Sewell, Part II
In Tuesday's post I began my analysis of Granville Sewell's recent attempt to revive the thermodynamics argument against evolution. I continue that analysis now.
Let us ponder for a moment the second law of thermodynamics.
In its simplest formulation the second law asserts that the entropy of a closed system can never decrease. A closed system is one that receives no energy from outside the system itself. Save for the universe as a whole there are no truly closed systems in nature. Even a well-insulated system in a laboratory setting will always be receiving some minimal input of energy from outside. Nonetheless, we can find systems that are sufficiently close to being closed systems to amount to the same thing.
But what is entropy? It is often described as randomness or disorder. This captures an important aspect of what it is about a system that entropy represents. It is not sufficiently precise, however, to be useful in actual applications. In reality entropy, like many terms in physics, has only a mathematical definition.
The concept of entropy was born out of the realization that there are certain natural processes that only proceed in one direction. Coffee and milk combine to form a murky, light brown liquid, but you will never see mixed coffee separate itself into black coffee and white milk. Air placed in one side of a box will quickly spread to fill the entire thing, but you will never see the air rush to one side of the box, leaving a vacuum on the other.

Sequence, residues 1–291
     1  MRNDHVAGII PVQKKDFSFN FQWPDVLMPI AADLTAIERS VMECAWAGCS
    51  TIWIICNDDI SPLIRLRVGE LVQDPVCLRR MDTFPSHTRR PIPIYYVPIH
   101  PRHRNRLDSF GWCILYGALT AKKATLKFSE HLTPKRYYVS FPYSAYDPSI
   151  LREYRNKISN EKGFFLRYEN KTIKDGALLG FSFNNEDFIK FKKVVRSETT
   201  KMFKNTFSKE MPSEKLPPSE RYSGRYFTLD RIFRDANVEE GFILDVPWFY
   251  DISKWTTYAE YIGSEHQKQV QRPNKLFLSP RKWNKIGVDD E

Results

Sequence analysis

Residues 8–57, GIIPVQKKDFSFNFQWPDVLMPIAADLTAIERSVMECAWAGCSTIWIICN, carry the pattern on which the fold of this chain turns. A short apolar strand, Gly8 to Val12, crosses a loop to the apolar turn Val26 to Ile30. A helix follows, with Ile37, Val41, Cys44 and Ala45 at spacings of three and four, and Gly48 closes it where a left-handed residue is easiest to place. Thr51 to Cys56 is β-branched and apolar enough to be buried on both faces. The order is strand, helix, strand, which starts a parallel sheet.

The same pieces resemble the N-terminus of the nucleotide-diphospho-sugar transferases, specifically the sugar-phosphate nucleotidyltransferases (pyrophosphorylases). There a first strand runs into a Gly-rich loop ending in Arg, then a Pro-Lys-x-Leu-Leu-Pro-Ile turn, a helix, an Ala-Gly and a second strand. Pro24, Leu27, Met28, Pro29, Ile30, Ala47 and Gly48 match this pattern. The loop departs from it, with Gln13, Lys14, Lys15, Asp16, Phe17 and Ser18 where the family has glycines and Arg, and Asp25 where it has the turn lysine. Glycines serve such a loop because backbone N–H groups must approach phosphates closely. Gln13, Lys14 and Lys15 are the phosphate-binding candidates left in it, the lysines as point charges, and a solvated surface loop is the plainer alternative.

Since the first law of thermodynamics, conservation of energy, did not prohibit things like mixed coffee separating itself, it was concluded that there was some new principle of thermodynamics waiting to be discovered. And just as the first law dealt with the internal energy of a particular system, it was concluded that there ought to be some other property of physical systems that captured our notions about the inherent directionality of certain natural processes.
This ultimately led to the idea of the entropy of a system. Actually, though, at this stage of the game the entropy of a system was not actually defined (later, when statistical mechanics was brought to bear on the problem, that was changed). What was actually defined was the change in entropy of a system in going from state one to state two. This definition was purely mathematical (in other words, a formula expressed in terms of other known quantities was provided for it), but it had the virtue of being composed of quantities that could actually be measured in many important contexts.